How accountants and bookkeepers can stay relevant in a changing world

Published · 3 min read

Life for accountants and bookkeepers is changing: Your clients want to be continuously plugged in to their businesses so they can make better, more proactive decisions. That affects you because, with that new deluge of information, your clients want you to help them make sense of all that data. In short, your clients expect a more consultative level of service from their accountant. Are you prepared to help your clients navigate the ins and outs of running their businesses? Put another way, are you embracing the advisory services that your clients expect from you?

It’s no secret that new technologies like artificial intelligence, cloud-based technology, and blockchain, among others, are disrupting traditional accounting services. The accountant’s and bookkeeper’s core products—including collating and analyzing information—are under assault. Businesses want advice on what to do next, and they’ll seek out accountants and bookkeepers who can offer actionable, proactive services that add value to their businesses.

We’re talking about offering your clients advisory services, which is a term you’ve probably heard and read about quite a bit lately. Yet, despite its ubiquity, it’s rare to find a concise definition of advisory services or a list of the kinds of services it entails. Whether you’re an advisory services neophyte or you’re already well immersed in this new paradigm, what follows is a practical definition of advisory services. Once you have a handle on what’s meant by the term, check out our e-book, The Power of Advisory Services: What every accounting professional should know, for much more.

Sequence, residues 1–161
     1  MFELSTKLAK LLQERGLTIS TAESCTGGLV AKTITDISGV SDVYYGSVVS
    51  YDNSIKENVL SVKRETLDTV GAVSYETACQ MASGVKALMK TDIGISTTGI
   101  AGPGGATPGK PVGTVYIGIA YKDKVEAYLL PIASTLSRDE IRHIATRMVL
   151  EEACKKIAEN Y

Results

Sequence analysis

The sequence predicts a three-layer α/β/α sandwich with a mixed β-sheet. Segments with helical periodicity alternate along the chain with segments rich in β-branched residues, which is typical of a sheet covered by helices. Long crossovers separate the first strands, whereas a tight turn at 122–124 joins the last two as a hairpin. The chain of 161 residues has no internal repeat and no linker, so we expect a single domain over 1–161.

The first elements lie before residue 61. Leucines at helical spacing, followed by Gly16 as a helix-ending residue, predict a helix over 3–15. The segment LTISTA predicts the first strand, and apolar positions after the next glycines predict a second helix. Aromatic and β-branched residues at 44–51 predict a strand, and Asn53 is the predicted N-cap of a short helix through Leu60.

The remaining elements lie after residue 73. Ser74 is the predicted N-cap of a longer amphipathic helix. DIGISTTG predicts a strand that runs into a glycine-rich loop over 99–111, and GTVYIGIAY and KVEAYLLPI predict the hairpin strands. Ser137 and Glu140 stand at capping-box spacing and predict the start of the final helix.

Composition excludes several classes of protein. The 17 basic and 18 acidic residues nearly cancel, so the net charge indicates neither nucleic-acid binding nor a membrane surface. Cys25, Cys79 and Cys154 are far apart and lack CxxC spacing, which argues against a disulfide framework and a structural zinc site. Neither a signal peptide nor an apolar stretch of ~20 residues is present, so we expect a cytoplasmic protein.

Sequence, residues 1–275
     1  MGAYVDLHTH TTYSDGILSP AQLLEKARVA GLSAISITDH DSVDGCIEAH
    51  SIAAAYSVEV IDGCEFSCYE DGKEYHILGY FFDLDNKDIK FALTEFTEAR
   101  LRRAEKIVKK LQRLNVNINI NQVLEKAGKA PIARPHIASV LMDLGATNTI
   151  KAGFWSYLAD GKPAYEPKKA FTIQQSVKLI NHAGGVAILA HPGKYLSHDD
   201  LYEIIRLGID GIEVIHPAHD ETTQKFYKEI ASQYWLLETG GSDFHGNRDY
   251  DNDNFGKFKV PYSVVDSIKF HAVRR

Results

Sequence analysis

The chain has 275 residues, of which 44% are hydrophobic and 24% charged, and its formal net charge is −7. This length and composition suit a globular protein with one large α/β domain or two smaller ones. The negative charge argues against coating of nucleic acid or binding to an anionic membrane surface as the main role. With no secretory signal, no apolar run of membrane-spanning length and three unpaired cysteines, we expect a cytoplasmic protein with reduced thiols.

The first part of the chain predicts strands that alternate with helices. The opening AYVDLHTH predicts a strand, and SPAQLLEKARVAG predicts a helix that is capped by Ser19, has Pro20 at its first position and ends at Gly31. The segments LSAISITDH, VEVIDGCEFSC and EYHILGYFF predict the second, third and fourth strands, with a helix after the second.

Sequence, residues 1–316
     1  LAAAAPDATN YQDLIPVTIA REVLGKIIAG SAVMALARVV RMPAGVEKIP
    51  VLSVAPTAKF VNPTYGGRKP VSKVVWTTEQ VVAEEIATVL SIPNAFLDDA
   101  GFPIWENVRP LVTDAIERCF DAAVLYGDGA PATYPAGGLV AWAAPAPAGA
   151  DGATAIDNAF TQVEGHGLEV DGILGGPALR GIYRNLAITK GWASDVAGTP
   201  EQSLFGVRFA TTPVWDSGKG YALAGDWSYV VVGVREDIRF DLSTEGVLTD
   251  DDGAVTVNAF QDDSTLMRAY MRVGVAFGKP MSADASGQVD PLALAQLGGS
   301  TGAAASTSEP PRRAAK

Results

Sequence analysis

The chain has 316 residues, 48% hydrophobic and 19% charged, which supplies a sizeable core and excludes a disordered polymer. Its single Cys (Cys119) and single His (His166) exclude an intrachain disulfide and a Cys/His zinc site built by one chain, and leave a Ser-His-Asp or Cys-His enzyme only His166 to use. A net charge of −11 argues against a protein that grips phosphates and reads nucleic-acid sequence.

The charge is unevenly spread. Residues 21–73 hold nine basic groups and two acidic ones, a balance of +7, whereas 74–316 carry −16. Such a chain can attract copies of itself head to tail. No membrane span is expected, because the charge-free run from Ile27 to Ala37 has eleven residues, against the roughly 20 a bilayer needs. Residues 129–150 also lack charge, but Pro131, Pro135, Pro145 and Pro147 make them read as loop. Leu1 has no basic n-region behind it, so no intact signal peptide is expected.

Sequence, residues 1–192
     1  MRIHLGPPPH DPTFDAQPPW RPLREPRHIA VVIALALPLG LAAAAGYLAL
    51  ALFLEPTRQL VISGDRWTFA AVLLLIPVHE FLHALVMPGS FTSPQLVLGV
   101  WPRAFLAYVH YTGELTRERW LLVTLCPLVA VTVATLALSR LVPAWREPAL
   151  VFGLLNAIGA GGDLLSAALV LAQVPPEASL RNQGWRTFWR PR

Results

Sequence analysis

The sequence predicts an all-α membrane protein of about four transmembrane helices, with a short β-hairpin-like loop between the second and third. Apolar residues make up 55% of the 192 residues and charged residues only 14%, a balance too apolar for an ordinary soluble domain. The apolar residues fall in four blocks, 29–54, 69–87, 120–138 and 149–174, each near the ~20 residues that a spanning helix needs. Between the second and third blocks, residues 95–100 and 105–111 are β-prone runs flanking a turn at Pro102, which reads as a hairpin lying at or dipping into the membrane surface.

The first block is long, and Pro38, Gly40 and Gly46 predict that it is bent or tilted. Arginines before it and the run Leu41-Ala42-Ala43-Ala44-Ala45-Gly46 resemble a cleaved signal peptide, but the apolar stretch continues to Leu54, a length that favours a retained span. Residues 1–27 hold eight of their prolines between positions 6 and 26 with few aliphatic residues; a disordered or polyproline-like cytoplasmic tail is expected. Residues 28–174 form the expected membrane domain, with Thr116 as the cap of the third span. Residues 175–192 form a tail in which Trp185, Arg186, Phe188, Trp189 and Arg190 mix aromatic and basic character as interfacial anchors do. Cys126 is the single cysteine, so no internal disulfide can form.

The definition: Advisory services are consulting solutions in which an accounting professional or business consultant develops findings, conclusions, and recommendations that he or she presents to clients for consideration and decision making.

What do advisory services mean to your clients? It means they’ll be getting services that include:

–Interpreting financial performance
–Monitoring performance as it happens
–Fixing financial problems before they even start
–Formulating proactive business plans
–Providing accountability to goal achievement

It’s a good idea for accountants and bookkeepers to think of the services listed above (and others like them) as the new “core” services you offer. Doing so will make your practice more competitive and relevant to your clients; moreover, your clients will get peace of mind that someone is looking out for their business so they can focus their efforts on their customers and doing what it is they do best—running their business.

You might be thinking, however, that just because accountants and bookkeepers are talking a lot about advisory services these days, how do we know that’s what clients actually want? Well, let’s consider why small-to-medium businesses switch accountants and bookkeepers. According to research like that done by The Sleeter Group, the top reason businesses leave their accountants is that their “former CPA didn’t give proactive advice, only reactive service.”

The same Sleeter Group study shows that, when asked a question that calls for an affirmative answer—“What types of services would you like to receive from your CPA?”— small-to-medium businesses clearly desire what we think of as advisory services: the top four services sought are business planning; business strategy; creating dashboards to monitor client business; and business analytics.

Clearly, the services small-to-medium businesses want today don’t fit the traditional mold of core services that accountants and bookkeepers have provided in years past. Although the findings outlined above may be surprising, or even concerning, it’s important to remember that with change comes opportunity. It’s up to you whether you’ll be on the growth side of change as these trends intensify.

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